Character Analysis Of Falstaff

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In single combat against the formidable Douglas, the outcome for Falstaff is doomed. That hot termagant Scot will overtake the fat infantryman of Eastcheap. Yet Falstaff is not willing to die protecting the monarchy. He “falls down as if he were dead” to disinterest his opponent. Falstaff saves himself instead of defending the kingdom alongside Prince Hal, who fights Hotspur to the death. To a knight, the glory of battle is an opportunity. More than an opportunity, defending king and country is a responsibility. And Falstaff, only loyal to his own interests, shirks that responsibility. From Falstaff, this survival maneuver can be expected. He establishes his reputation as a man who avails himself of pleasure and avoids peril. In the…show more content…
He is accepted for his faults and further appreciated for his humor. Once receptive to Falstaff’s follies, an underlying wisdom can be found. Shakespeare offers Falstaff as a guide to living beyond the confines of convention, out of all the order. Disguised in banter, Falstaff calls into question values of morality and nobility. His manner is harmless in both words and actions. Of all the loyalty and disloyalty that incites political turbulence in the play, Falstaff remains inert. He does not enact any cruel aggression in effort to achieve power. Nevertheless, Falstaff commits slight though significant transgressions against Prince Hal and aristocratic values. These transgressions begin in conversation and eventually result in Falstaff’s action on the…show more content…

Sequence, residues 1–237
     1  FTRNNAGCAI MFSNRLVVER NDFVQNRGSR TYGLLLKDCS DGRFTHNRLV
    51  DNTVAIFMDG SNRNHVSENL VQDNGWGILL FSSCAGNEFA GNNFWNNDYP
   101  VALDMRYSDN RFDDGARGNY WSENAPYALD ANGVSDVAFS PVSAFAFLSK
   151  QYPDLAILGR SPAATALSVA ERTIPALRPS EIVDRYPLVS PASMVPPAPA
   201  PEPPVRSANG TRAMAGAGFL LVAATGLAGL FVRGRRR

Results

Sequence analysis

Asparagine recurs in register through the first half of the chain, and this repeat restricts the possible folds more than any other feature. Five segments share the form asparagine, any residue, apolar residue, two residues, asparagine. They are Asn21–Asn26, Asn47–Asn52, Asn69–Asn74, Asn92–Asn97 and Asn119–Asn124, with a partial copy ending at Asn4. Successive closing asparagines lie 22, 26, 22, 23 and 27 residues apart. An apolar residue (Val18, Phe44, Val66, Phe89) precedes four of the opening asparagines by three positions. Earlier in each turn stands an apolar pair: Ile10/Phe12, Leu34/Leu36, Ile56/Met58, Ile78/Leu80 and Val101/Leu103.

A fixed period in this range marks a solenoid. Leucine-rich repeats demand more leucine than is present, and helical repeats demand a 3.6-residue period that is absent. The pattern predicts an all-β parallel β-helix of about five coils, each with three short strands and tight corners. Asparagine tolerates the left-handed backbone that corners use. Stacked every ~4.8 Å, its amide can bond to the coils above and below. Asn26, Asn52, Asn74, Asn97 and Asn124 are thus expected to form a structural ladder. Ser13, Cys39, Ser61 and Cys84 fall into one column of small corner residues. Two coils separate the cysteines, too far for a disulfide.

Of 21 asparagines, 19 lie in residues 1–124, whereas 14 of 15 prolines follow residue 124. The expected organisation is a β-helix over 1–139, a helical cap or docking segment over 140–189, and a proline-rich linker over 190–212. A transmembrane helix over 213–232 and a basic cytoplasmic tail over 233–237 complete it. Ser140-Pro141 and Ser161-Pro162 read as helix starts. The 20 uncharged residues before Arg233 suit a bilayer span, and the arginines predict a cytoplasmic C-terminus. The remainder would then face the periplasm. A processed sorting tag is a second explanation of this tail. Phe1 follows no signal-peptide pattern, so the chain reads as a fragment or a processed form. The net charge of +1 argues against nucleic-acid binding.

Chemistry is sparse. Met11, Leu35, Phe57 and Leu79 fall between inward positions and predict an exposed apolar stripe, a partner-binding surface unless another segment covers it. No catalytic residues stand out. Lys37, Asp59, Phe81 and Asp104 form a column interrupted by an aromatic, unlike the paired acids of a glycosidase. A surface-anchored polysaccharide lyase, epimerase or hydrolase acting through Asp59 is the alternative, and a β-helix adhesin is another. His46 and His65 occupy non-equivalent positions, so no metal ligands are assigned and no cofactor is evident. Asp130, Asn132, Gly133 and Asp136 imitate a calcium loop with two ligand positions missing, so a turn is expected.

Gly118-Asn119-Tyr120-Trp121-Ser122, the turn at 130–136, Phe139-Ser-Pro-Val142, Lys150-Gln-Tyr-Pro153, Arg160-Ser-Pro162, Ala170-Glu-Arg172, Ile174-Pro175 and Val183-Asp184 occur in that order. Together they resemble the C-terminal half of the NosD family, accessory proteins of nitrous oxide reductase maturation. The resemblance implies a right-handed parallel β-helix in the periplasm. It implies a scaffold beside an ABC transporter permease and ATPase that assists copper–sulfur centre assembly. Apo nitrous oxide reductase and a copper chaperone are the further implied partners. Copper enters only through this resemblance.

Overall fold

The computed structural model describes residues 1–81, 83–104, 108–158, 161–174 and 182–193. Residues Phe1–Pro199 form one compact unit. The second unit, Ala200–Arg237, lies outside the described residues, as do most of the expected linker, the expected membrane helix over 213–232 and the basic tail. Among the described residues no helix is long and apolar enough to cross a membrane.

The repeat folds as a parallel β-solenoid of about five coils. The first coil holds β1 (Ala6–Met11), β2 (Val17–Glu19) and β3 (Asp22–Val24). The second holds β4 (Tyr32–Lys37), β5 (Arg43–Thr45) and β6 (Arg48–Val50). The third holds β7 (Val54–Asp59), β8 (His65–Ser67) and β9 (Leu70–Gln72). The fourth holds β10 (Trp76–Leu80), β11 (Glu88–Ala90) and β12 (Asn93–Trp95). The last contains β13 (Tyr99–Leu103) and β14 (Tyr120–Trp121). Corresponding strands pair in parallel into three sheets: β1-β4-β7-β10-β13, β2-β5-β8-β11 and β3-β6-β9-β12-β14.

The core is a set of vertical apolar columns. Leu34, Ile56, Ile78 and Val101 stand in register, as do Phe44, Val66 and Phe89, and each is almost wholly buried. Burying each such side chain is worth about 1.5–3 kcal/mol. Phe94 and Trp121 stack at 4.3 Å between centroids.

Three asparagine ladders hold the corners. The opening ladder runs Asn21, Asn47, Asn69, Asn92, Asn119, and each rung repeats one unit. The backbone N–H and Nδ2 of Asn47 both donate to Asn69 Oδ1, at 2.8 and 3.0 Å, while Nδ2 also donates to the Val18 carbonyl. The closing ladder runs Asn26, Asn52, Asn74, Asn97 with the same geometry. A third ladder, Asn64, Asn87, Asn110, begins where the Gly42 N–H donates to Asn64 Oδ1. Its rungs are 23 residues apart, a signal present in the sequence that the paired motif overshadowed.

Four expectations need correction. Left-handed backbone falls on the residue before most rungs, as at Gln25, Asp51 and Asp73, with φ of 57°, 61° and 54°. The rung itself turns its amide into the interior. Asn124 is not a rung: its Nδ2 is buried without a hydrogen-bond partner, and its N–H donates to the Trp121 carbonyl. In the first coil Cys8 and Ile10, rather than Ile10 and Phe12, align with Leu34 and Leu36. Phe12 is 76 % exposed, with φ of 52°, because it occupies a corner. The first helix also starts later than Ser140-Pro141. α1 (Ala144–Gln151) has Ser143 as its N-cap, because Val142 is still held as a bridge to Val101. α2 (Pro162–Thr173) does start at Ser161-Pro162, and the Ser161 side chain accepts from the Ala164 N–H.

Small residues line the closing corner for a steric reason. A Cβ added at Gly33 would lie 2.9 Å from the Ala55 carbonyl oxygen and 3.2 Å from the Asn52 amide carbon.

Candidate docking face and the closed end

Considering their fearsome adversary, in private Falstaff asks Prince Hal “art not thou horribly afraid” (II.4.337-338)? His question means to provoke an honest reflection on their dangerous undertaking. Falstaff does not mean to interrogate or belittle Prince Hal’s honor. Instead, Falstaff asks about his friend’s true emotional state and moves beyond the conventional appearance of knightly toughness. Prince Hal responds to the question feigning, “Not a whit, i’faith. I lack some of thy instinct” (II.4.339). The more regal Prince Hal becomes in his ambitions, the more he aligns himself with the values of the monarchy. Falstaff reveals how these values of stoicism and bravery can be delusional. If Prince Hal were honest, he would admit some degree of doubt about war. With his new regal stance; however, he distances himself from true sentiment. Falstaff is unabashed in asking matters of the heart. Although Falstaff does not get an honest reply, he exposes Price Hal’s pretension and with it the tradition of

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